It was during his time in Copenhagen that he was surrounded by a wealth of wonderful designers and cabinetmakers renowned for their top quality craftsmanship, and this influence was a vital learning experience, giving him the foundations to go on and become a world-leader in design
One of Hans Wegner's most influential designs, the three-legged ‘Shell Chair’. This example is a permanent exhibition at the 'Designmuseum Danmark' in Copenhagen. It’s not hard to see why.
Famous names such as Iversen, Vodder, Hansen and Pontoppidan became familiar to young Hans as he spent his time at Copenhagen’s Carpenters’ Guild Furniture Exhibits. This was a showcase event that allowed for the experimentation of such celebrity designers to exemplify what beautiful products could be devised and crafted, and it had a profound influence on Hans.
So much so, that it prompted him to embark on the journey of becoming a furniture designer himself so that he could eventually design and sell his own works. The seeds for becoming a master craftsman had been sown.
Some of his early works already began to demonstrate his unique vision for how furniture should be made. He designed an armchair with armrests that sloped like relaxed wrists that went on to be exhibited at the Museum of Decorative Arts in 1937. The design itself epitomised Hans’ notion that a chair should appear in its purest form factor, whilst being as functional as possible.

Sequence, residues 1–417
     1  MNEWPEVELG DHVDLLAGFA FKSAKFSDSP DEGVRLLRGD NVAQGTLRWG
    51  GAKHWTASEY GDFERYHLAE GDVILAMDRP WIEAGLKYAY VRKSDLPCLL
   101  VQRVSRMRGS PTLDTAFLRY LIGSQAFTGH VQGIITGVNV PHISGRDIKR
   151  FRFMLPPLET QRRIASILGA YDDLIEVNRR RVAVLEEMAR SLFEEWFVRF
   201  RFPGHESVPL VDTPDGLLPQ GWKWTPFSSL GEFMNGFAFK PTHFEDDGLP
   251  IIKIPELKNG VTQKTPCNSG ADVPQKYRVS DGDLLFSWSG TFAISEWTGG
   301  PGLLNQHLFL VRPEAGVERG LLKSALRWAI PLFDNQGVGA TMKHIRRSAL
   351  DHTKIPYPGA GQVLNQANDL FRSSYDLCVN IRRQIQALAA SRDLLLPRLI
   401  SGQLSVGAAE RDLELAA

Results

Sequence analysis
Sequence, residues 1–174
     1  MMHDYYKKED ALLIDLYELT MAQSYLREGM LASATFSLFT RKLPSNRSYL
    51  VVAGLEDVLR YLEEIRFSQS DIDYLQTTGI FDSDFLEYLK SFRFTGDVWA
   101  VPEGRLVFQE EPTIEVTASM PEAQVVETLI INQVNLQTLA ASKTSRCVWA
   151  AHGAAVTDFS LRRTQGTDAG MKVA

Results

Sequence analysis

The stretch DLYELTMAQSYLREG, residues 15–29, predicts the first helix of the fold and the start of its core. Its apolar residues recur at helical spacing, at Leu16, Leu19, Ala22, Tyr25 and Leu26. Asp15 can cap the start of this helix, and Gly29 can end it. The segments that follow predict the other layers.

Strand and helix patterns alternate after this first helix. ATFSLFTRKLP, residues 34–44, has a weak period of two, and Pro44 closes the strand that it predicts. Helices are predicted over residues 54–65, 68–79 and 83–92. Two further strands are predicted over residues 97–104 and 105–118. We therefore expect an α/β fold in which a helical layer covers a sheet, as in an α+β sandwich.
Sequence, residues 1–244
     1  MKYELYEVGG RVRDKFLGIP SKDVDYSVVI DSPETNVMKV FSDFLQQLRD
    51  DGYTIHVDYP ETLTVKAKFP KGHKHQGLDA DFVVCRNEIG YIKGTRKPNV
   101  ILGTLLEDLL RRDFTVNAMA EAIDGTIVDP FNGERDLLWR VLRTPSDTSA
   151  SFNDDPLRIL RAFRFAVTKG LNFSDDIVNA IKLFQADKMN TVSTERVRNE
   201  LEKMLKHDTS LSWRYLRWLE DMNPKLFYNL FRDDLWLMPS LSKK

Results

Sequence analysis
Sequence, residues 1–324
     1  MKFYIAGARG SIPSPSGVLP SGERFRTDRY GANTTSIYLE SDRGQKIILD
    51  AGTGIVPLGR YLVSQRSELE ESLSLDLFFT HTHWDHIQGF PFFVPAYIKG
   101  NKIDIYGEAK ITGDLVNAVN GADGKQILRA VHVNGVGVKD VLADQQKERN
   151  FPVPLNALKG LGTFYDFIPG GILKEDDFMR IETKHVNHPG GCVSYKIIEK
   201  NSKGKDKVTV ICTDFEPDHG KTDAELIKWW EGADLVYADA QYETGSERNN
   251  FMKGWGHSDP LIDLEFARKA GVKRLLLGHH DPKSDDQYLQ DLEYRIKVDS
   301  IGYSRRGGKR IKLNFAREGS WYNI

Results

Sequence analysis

Hans even went on to be tasked with designing the furniture for Aarhus City Hall in Aarhus, the second largest city in Denmark. This was when he was under the employment of renowned modernist Danish architects Erik Moller and Flemming Lassen, and later Arne Jacobsen.
“I have always wanted to make unexceptional things of an exceptionally high quality”
By 1943, Hans Wegner had established his own office which soon led on to him designing one of his first major products; the Chinese Chair.